Market Reforms in Mexico: Coalitions,Institutions,and the Politics of Policy Change

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The last two decades saw a host of governments abandon statist development models for more market-friendly ones. However, not all reform attempts fared equally well. Why do some governments succeed in implementing market reforms while others fail? Why might the same government succeed in one policy area but not another? "Rethinking the Politics of Market Reforms" explores these central questions by examining Mexico's reform experience in privatization, deregulation, and environmental policy. More than simply a book on "Mexican politics," this study speaks to the broader political dynamics behind the success or failure to implement reforms; first, by assessing new policy initiatives in multiple arenas across presidential administrations in Mexico, then by comparing Mexico's privatization experience to that of Argentina's. Through structured, focused comparison of select case studies, the author argues that the fate of dramatic reform initiatives turned on coalition politics (both inside and outside the state), and explains how institutional dynamics and the capacity to solve the problem of policy "costs" strongly affected reformers' prospects of success.

Author Biography: A former National Science Foundation and Ford Fellow, Mark Eric Williams is assistant professor of political science at Middlebury College.

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Editorial Reviews

Recommended for upper-division undergraduate through faculty collections.
Taking Mexico as an example, Williams (political science, Middlebury College) considers the various successes and failures of market-based reforms in areas like privatization, deregulation, and environmental policy. He assesses policy initiatives under various administrations and compares Mexico's privatization efforts to those of Argentina. Three case studies are presented and the findings analyzed in a comparative framework. The role of coalitions in successful reforms is emphasized. Annotation c. Book News, Inc., Portland, OR (
Latin American Politics and Society
Market Reforms in Mexico goes beyond the first-generation efforts to explain (or ignore) the politics of reform, and complements works emphasizing coalition politics. It is nicely written and easily accessible even to the undergraduate student.
Frances Hagopian
Market Reforms in Mexico is an impressive, original, and meticulously argued work that brings a fresh focus to bear on the by-now familiar question of how and why market-oriented reforms are successful. By juxtaposing Mexico's successful program of privatization and deregulation with its largely unsuccessful efforts in the area of environmental reform, Williams persuades us that the capacity to reform is at least as important as the motivation to do so. This rare look inside the state, and the struggles of reformers to forge coalitions, gain leverage over policy, and overcome the opposition of the losers fills in so much of what has been assumed about economic reform that it forces us to rethink many of the most fundamental precepts of our literature on political economy.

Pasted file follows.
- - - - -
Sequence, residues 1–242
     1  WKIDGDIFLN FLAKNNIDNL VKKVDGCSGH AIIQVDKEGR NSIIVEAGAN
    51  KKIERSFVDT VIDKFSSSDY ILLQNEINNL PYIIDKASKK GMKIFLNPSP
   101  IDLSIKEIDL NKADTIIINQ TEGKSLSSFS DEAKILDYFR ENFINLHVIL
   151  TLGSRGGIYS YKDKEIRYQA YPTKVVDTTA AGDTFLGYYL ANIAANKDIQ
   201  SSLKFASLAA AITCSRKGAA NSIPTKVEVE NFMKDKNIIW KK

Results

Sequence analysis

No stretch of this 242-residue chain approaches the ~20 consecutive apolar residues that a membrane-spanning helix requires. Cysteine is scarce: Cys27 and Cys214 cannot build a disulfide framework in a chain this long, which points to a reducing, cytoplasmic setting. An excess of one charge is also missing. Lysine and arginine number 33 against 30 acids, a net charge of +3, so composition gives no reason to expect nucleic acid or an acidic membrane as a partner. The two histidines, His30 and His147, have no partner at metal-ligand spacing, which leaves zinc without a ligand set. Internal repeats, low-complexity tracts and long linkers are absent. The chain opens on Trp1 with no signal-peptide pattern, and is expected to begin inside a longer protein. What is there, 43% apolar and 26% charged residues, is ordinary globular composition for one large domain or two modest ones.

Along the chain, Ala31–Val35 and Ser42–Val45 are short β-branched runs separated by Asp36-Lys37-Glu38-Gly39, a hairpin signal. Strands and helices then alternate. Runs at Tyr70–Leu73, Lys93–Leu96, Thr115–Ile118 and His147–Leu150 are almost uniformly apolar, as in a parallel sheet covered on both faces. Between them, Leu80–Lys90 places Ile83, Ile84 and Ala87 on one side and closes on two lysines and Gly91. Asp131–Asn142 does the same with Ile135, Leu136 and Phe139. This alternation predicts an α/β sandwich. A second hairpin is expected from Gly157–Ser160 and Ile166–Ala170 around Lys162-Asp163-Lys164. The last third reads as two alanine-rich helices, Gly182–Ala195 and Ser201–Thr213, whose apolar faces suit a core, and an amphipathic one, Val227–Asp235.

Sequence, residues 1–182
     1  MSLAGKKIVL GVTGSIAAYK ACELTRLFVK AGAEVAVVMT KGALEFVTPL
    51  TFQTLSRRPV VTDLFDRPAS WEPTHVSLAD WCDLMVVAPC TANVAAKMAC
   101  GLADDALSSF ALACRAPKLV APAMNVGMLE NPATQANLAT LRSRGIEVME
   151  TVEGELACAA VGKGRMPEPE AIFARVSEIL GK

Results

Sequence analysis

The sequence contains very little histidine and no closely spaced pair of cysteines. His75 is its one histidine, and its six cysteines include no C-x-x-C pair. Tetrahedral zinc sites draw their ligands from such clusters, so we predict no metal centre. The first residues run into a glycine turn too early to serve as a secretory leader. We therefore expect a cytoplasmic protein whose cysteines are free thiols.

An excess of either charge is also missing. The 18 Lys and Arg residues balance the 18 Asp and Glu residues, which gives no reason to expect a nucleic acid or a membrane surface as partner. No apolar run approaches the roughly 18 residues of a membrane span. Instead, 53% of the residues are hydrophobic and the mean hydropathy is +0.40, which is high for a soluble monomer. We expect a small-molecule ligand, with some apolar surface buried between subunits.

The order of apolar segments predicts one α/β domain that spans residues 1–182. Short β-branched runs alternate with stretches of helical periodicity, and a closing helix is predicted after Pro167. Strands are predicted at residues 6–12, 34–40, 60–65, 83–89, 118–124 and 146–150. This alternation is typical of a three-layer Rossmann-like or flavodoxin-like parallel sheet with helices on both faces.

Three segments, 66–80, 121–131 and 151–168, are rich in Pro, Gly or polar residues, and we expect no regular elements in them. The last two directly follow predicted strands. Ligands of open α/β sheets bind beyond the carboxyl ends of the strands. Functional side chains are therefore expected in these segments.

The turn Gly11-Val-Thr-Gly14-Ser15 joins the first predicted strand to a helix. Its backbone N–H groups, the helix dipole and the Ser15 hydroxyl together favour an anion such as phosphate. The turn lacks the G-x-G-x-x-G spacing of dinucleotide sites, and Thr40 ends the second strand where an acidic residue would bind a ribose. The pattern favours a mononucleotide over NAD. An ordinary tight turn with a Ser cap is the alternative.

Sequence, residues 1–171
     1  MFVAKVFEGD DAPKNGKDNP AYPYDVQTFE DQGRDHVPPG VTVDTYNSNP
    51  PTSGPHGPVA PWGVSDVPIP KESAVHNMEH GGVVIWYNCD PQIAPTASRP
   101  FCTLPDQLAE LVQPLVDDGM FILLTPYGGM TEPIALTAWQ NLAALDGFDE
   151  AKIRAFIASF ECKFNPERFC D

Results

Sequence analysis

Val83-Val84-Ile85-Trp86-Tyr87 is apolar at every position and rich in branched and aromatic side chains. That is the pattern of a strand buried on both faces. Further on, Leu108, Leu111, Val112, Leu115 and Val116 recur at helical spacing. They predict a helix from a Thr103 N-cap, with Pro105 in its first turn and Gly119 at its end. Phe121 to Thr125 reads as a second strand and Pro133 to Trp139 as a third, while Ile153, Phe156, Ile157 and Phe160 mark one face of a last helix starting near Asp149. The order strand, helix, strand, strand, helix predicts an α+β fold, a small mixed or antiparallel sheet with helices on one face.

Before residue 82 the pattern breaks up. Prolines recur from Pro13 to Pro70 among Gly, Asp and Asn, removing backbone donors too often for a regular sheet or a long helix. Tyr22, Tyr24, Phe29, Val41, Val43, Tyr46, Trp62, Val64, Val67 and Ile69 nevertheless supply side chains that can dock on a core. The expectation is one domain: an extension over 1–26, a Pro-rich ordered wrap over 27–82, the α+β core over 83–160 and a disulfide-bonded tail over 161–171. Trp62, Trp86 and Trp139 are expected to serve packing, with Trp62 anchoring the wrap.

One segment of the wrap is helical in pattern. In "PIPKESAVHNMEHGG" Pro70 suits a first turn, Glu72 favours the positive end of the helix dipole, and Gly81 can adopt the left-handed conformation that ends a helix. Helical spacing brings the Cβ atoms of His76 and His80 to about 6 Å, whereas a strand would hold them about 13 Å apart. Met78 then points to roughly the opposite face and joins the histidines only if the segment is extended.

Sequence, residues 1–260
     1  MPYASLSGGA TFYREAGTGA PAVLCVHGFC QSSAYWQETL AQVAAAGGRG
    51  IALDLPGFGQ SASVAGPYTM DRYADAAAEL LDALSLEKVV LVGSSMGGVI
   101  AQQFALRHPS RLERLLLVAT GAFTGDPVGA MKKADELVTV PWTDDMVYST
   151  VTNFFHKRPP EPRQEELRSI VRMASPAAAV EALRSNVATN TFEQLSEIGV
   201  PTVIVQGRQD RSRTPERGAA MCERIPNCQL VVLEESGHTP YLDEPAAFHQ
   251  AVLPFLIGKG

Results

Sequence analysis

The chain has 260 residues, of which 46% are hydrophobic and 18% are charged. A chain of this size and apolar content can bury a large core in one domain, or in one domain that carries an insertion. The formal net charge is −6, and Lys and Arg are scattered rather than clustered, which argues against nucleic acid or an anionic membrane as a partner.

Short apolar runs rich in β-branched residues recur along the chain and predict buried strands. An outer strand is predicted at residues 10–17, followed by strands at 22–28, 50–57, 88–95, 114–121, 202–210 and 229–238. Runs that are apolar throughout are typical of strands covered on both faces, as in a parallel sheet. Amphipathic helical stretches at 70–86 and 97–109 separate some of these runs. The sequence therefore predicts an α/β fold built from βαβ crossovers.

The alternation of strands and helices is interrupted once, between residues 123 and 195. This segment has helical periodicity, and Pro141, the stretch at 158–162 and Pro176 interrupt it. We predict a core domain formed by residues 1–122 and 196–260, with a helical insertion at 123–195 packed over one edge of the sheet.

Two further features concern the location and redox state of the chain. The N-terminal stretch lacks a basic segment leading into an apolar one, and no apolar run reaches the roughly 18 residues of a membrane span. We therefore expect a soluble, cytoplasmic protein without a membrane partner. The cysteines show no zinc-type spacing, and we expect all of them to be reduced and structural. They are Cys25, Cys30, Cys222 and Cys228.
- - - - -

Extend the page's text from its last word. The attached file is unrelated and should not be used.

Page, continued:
Jorge I. Dominguez
Why do governments sometimes succeed and sometimes fail in implementing market-oriented reforms? Mark Williams addresses this key question in political economy with lucidity and clarity. His stunning case studies of economic and environmental policy implementation in Mexico represent first-rate research presented with literary elegance. His work should interest those who think about major policy and institutional reforms and their impacts on governments, businesses, workers, and citizens more generally.
Recommended for upper-division undergraduate through faculty collections.
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Product Details

  • ISBN-13: 9780742511125
  • Publisher: Rowman & Littlefield Publishers, Inc.
  • Publication date: 6/15/2001
  • Edition description: New Edition
  • Pages: 256
  • Product dimensions: 5.76 (w) x 8.98 (h) x 0.64 (d)

Meet the Author

A former National Science Foundation and Ford Fellow, Mark Eric Williams is associate professor of political science at Middlebury College.

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Table of Contents

List of Illustrations
Principal Acronyms
Pt. I Introduction and Theory
1 Caught in the Paradigm Shift 3
2 Explaining Policy Reform: Strategies, Institutions, and Coalitions 23
Pt. II Case Studies
3 Privatizing Aeromexico, Cananea, and Sicartsa 59
4 Deregulating Freight Transport 111
5 The Challenge of Environmental Policy Reform 133
Pt. III Generalizing the Argument and Conclusion
6 Policy Reform in Comparative Perspective: Privatization in Argentina 169
7 Rethinking the Politics of Reform: Retrospect and Legacies 199
App Field Interviews, Mexico City 217
Bibliography 225
Index 251
About the Author 259
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